Limping to the grassy field and asking for the ball.
But Thatcher, with a hungry plea and first base left to fill,
Bargained with the skipper's sense to leave him on that hill.
"Casey doesn't see a strike!" at last, the skipper said,
As Thatcher turned now to the plate with Casey grinning red.
Then from the swaying bleachers huddled full with Mudville's own,
Came a thunderous commotion like a beastly demon's groan,
It rose above the ballpark and it clamored through the vale,
It broke beyond the neighborhoods and echoed in the dale.
Young Thatcher fixed upon the plate to mute the blaring sound,
He checked the runner back at third and dug into the ground,
And with his lively windup, flung the pill at such a rate,
That it started in below the hands but somehow found the plate.
Casey just ignored it as it beat his outside guess,
Truth was, it wasn't worth a swing - on an empty count no less.
And yet the mob erupted and despised the umpire's view,
'til Casey cleared the calling and absolved the man in blue.
Then Thatcher kicked his foot again, pushing off his wedge,
And this ball came in tighter still - and still it caught the edge,
And still the batsman watched it, and still the patrons cried!
Here Mudville's fate hung on a swing and Casey's pompous pride.
The smile drew from Casey's lip as he spat upon the deck,
He thumped his stick into the plate; he choked upon its neck.
With two strikes at his kneecaps, the next would come in low,
Thought Casey, as he eyed the fence and grimaced at his foe:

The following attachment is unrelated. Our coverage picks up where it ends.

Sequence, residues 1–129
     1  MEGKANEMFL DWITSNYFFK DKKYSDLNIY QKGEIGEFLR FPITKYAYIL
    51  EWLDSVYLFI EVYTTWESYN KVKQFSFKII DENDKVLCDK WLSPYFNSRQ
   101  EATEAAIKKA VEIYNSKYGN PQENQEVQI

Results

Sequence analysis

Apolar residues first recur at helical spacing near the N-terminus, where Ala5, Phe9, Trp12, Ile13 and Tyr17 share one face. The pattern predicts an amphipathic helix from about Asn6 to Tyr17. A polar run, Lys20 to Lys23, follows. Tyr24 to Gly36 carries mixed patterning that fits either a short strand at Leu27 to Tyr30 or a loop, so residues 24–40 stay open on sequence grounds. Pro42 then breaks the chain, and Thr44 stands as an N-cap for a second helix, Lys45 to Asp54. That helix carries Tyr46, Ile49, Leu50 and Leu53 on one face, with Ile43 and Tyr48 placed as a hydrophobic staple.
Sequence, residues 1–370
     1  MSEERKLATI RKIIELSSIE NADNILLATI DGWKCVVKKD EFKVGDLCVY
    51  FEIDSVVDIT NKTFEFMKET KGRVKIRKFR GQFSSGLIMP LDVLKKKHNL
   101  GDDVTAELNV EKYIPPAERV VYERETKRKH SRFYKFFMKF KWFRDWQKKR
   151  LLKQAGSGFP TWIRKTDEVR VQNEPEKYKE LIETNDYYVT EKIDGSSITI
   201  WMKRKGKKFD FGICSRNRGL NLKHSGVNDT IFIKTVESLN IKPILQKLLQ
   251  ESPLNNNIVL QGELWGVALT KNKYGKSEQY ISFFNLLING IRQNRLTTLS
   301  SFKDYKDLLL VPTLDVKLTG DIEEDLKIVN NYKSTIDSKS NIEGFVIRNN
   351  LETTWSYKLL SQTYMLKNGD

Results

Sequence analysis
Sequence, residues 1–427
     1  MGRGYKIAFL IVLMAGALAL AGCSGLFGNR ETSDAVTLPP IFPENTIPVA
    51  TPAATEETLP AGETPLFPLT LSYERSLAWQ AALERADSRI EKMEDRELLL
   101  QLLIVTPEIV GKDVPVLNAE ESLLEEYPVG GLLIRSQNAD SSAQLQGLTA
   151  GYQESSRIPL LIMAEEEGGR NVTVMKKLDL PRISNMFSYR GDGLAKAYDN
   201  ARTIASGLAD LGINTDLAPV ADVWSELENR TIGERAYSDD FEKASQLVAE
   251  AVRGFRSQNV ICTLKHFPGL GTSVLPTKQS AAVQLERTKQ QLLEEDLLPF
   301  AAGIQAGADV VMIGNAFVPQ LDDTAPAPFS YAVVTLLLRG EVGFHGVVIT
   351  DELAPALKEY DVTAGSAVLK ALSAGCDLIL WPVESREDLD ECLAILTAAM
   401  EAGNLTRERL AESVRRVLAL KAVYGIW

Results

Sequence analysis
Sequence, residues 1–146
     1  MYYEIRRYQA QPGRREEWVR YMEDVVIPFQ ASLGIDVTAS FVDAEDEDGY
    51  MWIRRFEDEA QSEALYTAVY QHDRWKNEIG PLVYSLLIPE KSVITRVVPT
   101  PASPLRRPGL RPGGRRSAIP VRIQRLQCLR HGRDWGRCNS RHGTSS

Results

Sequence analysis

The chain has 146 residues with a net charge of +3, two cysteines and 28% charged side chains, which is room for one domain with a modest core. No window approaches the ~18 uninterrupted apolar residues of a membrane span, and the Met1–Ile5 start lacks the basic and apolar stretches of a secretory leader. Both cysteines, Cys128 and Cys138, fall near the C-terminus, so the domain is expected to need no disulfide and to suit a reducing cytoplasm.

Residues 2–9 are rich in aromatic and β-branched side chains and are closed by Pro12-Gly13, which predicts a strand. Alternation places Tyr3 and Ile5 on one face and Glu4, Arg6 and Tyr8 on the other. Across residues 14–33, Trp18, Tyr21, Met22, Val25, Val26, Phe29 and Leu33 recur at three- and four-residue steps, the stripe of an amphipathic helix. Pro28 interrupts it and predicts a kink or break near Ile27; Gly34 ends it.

No way the kid comes at me when his slider's working fine,
No way the kid brings mustard when the game is on the line.
At once the Shetland hurler propelled a fiery dart,
He sent the ball a'screaming down the axis of the heart,
It started at the buckle and the ball began to rise,
And Casey's angry bat was sprung, so quick to recognize;
But then the pitch, it cleared the zone and here it seemed to dance,
It deftly fooled the catcher as it pulled him from his stance,
And Thatcher, as his ball rose up, could hear her stitches sing,
And desperately the batsman tried to terminate his swing,
But Casey's walk-off homerun bid had sent his club around,
And his brawny stature twisted like a corkscrew in the ground.
Oh, critics study athletes and the fabric of their team,
Brute and brawn are overdrawn and muscle reigns supreme,
Persistence isn't measured when power is the goal,
There is no benchmark for the heart, no scale for the soul.
But somewhere in this favored land, an unknown boxer grins,
Somewhere hustle beats out speed, somewhere courage wins,
Somewhere on a tennis court, a no-name takes the prize,
An underdog is crowned somewhere, and somewhere sleepers rise,
And at some old Kentucky track,
A long shot captures fame,
The mighty may be favored -
But 'tis why we play the game.
Tom Fronckowiak grew up Buffalo, NY and is an avid sports fan. He now resides in America's Space Capital, Huntsville, Alabama with his wife Julie where he works as computer engineer and freelance writer. On the weekends, he can be found on the hockey rink, though his most challenging exercise these days is keeping up with his son (3) and twin daughters (2).